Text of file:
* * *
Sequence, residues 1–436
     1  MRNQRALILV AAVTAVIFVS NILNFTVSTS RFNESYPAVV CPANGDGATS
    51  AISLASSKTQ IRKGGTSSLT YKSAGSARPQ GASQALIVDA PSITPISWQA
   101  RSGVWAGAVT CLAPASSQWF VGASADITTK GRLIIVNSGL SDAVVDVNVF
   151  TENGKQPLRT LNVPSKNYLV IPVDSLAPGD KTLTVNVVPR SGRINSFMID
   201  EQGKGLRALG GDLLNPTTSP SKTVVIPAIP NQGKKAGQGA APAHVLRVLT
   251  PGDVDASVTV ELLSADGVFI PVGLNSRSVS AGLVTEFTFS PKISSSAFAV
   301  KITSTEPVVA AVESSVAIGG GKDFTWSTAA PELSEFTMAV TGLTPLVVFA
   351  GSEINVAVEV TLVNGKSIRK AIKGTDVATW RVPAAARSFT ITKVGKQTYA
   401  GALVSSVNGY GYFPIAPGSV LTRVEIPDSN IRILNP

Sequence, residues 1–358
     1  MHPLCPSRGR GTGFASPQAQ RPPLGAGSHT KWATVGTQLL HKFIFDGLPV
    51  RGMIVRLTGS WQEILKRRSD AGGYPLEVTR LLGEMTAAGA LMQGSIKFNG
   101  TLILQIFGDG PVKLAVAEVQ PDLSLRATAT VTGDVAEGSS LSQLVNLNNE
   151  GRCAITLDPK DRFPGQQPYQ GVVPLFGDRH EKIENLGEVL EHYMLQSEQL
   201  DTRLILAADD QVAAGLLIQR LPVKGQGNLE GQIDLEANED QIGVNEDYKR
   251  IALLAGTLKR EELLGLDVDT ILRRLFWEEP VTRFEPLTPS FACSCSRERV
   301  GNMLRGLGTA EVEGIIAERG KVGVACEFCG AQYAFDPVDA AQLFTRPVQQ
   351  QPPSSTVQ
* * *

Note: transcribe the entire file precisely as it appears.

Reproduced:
Sequence, residues 1–436
     1  MRNQRALILV AAVTAVIFVS NILNFTVSTS RFNESYPAVV CPANGDGATS
    51  AISLASSKTQ IRKGGTSSLT YKSAGSARPQ GASQALIVDA PSITPISWQA
   101  RSGVWAGAVT CLAPASSQWF VGASADITTK GRLIIVNSGL SDAVVDVNVF
   151  TENGKQPLRT LNVPSKNYLV IPVDSLAPGD KTLTVNVVPR SGRINSFMID
   201  EQGKGLRALG GDLLNPTTSP SKTVVIPAIP NQGKKAGQGA APAHVLRVLT
   251  PGDVDASVTV ELLSADGVFI PVGLNSRSVS AGLVTEFTFS PKISSSAFAV
   301  KITSTEPVVA AVESSVAIGG GKDFTWSTAA PELSEFTMAV TGLTPLVVFA
   351  GSEINVAVEV TLVNGKSIRK AIKGTDVATW RVPAAARSFT ITKVGKQTYA
   401  GALVSSVNGY GYFPIAPGSV LTRVEIPDSN IRILNP

Sequence, residues 1–358
     1  MHPLCPSRGR GTGFASPQAQ RPPLGAGSHT KWATVGTQLL HKFIFDGLPV
    51  RGMIVRLTGS WQEILKRRSD AGGYPLEVTR LLGEMTAAGA LMQGSIKFNG
   101  TLILQIFGDG PVKLAVAEVQ PDLSLRATAT VTGDVAEGSS LSQLVNLNNE
   151  GRCAITLDPK DRFPGQQPYQ GVVPLFGDRH EKIENLGEVL EHYMLQSEQL
   201  DTRLILAADD QVAAGLLIQR LPVKGQGNLE GQIDLEANED QIGVNEDYKR
   251  IALLAGTLKR EELLGLDVDT ILRRLFWEEP VTRFEPLTPS FACSCSRERV
   301  GNMLRGLGTA EVEGIIAERG KVGVACEFCG AQYAFDPVDA AQLFTRPVQQ
   351  QPPSSTVQ